Are we being invaded by aliens? Never fear …

Spinycheek Crayfish - a US native.
Spinycheek Crayfish – a US native.

02/10/2012. … EASIN is here. The European Commission’s new EASIN (European Alien Species Information Network) database is intended to help report and track some 16,000 invasive species currently being reported across the region.

Invasive alien animals and plants in natural environments represent a serious threat to native plants and animals across Europe. They are considered the most significant cause of biodiversity loss after habitat alteration. and cause problems for natural resources, people’s health and the economy, at a cost estimated at around € 12 billion per year.

The EASIN network
So says the European Commission’s Environment DG, which is why it has set up the European Alien Species Information Network (EASIN) to report, monitor and make available data on the alien species currently reported across the region. EASIN is hosted by the Commission’s in-house science service, the Joint Research Centre (JRC) in Italy, and is the first information network of its kind in Europe.

Species like giant hogweed, signal crayfish, Zebra mussels and muskrats impact on human health, choke waterways and cause substantial damage to forestry, crops and fisheries. Japanese knotweed for example inhibits the growth of other plants, outcompetes native plants, and seriously damages infrastructure, with huge economic implications. Studies have shown that in England, Scotland and Wales, this one plant causes € 205 million of damage each year.

A free service
How many plants can be found in the Alps that are not native to that area? Which animals were deliberately or accidently introduced to the Danube? How big a threat are they to local wildlife? These are the kind of questions that EASIN is expected to help answer.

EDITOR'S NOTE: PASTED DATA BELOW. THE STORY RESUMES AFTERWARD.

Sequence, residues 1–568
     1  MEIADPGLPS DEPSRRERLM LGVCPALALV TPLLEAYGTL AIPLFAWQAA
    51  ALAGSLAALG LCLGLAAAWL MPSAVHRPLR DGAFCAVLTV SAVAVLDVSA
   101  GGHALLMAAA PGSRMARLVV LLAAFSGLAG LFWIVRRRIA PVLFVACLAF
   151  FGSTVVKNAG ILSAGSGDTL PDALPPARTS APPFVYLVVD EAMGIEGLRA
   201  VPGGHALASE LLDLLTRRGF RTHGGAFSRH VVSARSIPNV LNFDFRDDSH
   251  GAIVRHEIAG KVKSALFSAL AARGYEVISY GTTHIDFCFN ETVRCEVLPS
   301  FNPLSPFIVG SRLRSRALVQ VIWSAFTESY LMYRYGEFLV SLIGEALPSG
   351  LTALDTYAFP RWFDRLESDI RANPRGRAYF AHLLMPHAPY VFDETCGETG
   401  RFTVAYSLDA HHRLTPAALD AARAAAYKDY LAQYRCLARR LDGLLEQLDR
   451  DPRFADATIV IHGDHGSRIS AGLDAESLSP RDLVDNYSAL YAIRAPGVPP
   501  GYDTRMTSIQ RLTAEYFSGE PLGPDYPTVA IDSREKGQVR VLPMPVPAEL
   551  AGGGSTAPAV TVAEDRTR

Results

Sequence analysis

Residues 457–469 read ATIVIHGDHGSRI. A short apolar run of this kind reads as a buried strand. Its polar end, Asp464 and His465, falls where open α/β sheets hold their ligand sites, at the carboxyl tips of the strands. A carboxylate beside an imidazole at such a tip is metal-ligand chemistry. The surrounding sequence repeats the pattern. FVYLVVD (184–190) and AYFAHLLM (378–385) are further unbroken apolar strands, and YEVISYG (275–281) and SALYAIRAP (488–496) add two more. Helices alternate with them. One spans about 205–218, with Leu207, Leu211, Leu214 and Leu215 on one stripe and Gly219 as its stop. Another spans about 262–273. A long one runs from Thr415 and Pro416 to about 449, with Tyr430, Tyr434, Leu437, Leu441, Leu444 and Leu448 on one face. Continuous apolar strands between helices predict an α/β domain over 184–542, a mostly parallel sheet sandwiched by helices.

EASIN links together data from over 40 online databases worldwide, and makes available the web tools and services to use that data. EASIN web tools and services can be utilized freely and independently by any website, while ownership of the data remains with its source, which is properly cited and linked.

EASIN at launch contains a catalogue of around 16,000 alien species in Europe, including the 27 EU member states, five candidate countries and 17 other European countries. It also covers marine species found in the entire Mediterranean, i.e. also from North African and Near East Mediterranean countries.

Search with widgets
The online service allows users to research the incidence of individual species by selecting the name (based on scientific or common names). Two filters, one on environment (terrestrial, marine, freshwater) and another on impact (high, low, all) can be used to refine the selection.

At present the service is in beta mode, but eventually the results of the search may be saved and retrieved as a table, enabling the user to produce maps of species distribution based on one of three possible scales: 10×10 km grid, European countries or River Basin Districts.

A key feature of EASIN is the availability of website widgets, which enable users to quickly construct other online applications to make use of the data. Widgets require zero programming skills, enabling content authors to quickly set up customised search or mapping results (say) for a website without having to program. This feature offers a fast and flexible way to show EASIN data on other websites focusing on biodiversity issues.

More information:

http://easin.jrc.ec.europa.eu/
http://ec.europa.eu/environment/nature/invasivealien/index_en.htm

JRC press contacts:

jrc-press@ec.europa.eu (+39 33 278 9743)
Joe Hennon (+32 2 295 3593)
Monica Westeren (+32 2 299 1830)

© Philip Hunt, 2012.

Leave a Reply